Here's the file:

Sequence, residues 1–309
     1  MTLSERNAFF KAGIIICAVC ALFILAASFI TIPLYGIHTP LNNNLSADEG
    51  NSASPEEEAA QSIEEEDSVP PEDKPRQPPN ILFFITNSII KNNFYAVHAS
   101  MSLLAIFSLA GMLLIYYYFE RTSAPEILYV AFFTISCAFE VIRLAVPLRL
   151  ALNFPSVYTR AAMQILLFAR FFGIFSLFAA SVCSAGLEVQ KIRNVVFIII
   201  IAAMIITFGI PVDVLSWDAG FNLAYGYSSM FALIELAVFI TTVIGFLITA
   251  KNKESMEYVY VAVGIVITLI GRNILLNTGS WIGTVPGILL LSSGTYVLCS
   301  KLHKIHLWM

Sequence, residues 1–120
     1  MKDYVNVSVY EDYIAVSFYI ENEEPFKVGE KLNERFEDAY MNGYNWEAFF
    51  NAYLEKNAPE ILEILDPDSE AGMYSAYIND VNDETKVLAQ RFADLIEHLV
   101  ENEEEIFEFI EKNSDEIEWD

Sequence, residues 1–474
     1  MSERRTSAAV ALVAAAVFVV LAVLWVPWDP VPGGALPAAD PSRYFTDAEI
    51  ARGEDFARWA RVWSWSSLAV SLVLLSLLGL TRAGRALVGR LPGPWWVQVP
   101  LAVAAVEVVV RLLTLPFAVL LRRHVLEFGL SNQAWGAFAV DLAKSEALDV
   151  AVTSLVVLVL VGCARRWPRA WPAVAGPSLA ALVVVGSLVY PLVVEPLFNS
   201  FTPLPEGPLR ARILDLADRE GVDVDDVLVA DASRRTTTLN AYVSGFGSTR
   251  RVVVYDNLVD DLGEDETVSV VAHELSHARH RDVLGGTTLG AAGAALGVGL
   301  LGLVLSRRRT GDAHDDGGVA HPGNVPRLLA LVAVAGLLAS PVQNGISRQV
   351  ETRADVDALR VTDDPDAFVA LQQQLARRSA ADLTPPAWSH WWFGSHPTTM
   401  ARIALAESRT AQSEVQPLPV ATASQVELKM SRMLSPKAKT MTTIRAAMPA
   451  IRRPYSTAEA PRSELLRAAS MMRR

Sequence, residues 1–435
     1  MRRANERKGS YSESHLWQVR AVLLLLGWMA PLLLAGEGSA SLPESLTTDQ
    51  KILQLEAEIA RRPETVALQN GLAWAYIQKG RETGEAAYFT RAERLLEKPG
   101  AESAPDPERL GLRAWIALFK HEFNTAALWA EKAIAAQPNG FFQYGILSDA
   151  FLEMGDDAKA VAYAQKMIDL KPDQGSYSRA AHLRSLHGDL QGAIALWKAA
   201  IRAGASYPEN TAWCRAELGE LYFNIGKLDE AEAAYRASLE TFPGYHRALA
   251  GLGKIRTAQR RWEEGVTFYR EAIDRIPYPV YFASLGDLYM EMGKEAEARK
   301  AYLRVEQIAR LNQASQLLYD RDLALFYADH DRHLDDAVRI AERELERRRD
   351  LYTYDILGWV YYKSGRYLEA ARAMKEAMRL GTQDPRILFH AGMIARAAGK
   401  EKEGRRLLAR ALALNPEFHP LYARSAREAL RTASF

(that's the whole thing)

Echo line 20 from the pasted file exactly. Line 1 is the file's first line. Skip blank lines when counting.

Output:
   301  LGLVLSRRRT GDAHDDGGVA HPGNVPRLLA LVAVAGLLAS PVQNGISRQV